Oklahoma producers desperate for workers to meet oil demand
Wednesday, May 17th 2000, 12:00 am
By: News On 6
TULSA, Okla. (AP) -- Oklahoma producers are so desperate for workers to meet oil demands that one operator has begun to wait outside a prison's gates to offer released inmates a job.
"There's nobody to work," said Dewey Bartlett Jr., president of the Oklahoma Independent Petroleum Association.
Workers who were laid off after recent oil busts have found jobs elsewhere with more security. As the oil industry begins to recover, producers can't find the help to drill new exploratory wells to meet increasing demands, Bartlett said.
"After the last industry downturn many people said 'That's it. No more. I'm going to learn a new trade,"' Bartlett said. "They are gone.
"One operator told me that he had become so desperate for experienced employees that he knows when the prison releases the parolees. He stands outside the gate and asks anyone if they want a job," he said.
The number of workers in the state's oil and gas extraction industry has declined since 1997, according to the Oklahoma
Employment Security Commission.
The latest figures show there were 25,381 oil and gas workers in Oklahoma in the third quarter of 1999. The number was down from
30,931 for the same period two years earlier.
The labor shortage couldn't come at a worse time. In order to meet demand, the number of rigs operating in Oklahoma needs to nearly double within the next three years, said Bruce Bell, chairman of the Mid-Continent Oil and Gas Association of Oklahoma.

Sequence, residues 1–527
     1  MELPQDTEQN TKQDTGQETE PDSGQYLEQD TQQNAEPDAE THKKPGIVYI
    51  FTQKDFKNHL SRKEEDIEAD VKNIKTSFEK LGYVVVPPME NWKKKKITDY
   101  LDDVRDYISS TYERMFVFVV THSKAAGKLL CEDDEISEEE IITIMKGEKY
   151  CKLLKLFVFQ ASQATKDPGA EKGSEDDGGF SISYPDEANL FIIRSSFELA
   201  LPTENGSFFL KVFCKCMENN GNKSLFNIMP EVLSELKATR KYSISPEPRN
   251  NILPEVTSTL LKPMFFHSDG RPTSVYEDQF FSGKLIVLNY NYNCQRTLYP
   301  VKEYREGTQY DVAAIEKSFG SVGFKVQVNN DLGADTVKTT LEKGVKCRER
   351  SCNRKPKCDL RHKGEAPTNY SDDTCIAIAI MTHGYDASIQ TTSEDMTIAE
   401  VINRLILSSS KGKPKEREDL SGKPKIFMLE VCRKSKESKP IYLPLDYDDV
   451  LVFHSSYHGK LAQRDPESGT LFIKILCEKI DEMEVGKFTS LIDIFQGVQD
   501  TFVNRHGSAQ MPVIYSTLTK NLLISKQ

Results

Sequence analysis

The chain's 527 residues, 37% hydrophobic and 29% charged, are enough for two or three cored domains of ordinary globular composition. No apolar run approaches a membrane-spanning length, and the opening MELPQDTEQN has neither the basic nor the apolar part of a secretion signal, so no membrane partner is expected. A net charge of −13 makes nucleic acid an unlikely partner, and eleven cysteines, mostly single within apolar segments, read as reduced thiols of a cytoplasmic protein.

"Those people who left are not about to come back to a job that may not be secure," Bell said. "We just may not be able to meet the oil demands we have."
About 3,000 Oklahomans were laid off during declining oil prices in 1997 and 1998, according to the Interstate Oil and Gas Compact Commission.
Although the oil industry is still recovering from the two-year bust, the rest of the economy soared. The unemployment rate fell,
making it harder for oil producers to fill shaky oil positions.
"The high employment is making it even that much tougher in our industry. They can find other jobs," said Tom Hull, operator of Hull Oil Co. in Osage County.
The wait to drill a new well in Oklahoma has been from one to 12 months. Some producers have been able to afford higher wages to
attract experienced oil workers, but many are left helpless.
"It's pretty tough," Hull said. "You can't find people to run rigs, do service work, drilling or pulling."
There were 92 rigs actively exploring for oil and natural gas in Oklahoma this week compared to 54 rigs for the same time one year
Hull said the federal government needs to establish policy that will secure the roller-coaster industry to get workers back in the oil fields. Bartlett and Bell agreed that nothing was done on how to return experienced workers.
"Crews are working around the clock in many cases," Bell said. "It's unclear what kind of limiting force this lack of labor will have but it's very real."
On the Net: Interstate Oil and Gas Compact Commission:http://www.iogcc.state.ok.us